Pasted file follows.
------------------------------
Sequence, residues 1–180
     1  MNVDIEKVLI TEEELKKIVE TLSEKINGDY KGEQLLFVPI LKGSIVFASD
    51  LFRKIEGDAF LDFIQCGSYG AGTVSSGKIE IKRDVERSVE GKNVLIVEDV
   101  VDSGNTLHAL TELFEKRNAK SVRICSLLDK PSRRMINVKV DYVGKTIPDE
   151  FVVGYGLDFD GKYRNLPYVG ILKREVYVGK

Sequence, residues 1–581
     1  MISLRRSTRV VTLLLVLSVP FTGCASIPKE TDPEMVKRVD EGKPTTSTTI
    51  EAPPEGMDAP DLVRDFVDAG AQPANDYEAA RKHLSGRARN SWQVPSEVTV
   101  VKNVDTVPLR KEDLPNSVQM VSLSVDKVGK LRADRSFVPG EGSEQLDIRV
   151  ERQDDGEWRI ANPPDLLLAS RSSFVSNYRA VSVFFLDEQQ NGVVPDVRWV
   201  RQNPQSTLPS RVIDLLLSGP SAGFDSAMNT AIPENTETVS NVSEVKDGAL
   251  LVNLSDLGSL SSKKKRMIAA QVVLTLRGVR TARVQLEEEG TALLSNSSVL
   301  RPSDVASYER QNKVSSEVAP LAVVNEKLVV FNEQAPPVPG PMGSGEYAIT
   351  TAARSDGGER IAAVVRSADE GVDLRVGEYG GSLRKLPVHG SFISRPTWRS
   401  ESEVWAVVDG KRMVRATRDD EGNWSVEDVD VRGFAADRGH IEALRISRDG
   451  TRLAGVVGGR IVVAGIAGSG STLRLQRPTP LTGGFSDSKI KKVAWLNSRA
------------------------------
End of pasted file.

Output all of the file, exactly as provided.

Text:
Sequence, residues 1–180
     1  MNVDIEKVLI TEEELKKIVE TLSEKINGDY KGEQLLFVPI LKGSIVFASD
    51  LFRKIEGDAF LDFIQCGSYG AGTVSSGKIE IKRDVERSVE GKNVLIVEDV
   101  VDSGNTLHAL TELFEKRNAK SVRICSLLDK PSRRMINVKV DYVGKTIPDE
   151  FVVGYGLDFD GKYRNLPYVG ILKREVYVGK

Sequence, residues 1–581
     1  MISLRRSTRV VTLLLVLSVP FTGCASIPKE TDPEMVKRVD EGKPTTSTTI
    51  EAPPEGMDAP DLVRDFVDAG AQPANDYEAA RKHLSGRARN SWQVPSEVTV
   101  VKNVDTVPLR KEDLPNSVQM VSLSVDKVGK LRADRSFVPG EGSEQLDIRV
   151  ERQDDGEWRI ANPPDLLLAS RSSFVSNYRA VSVFFLDEQQ NGVVPDVRWV
   201  RQNPQSTLPS RVIDLLLSGP SAGFDSAMNT AIPENTETVS NVSEVKDGAL
   251  LVNLSDLGSL SSKKKRMIAA QVVLTLRGVR TARVQLEEEG TALLSNSSVL
   301  RPSDVASYER QNKVSSEVAP LAVVNEKLVV FNEQAPPVPG PMGSGEYAIT
   351  TAARSDGGER IAAVVRSADE GVDLRVGEYG GSLRKLPVHG SFISRPTWRS
   401  ESEVWAVVDG KRMVRATRDD EGNWSVEDVD VRGFAADRGH IEALRISRDG
   451  TRLAGVVGGR IVVAGIAGSG STLRLQRPTP LTGGFSDSKI KKVAWLNSRA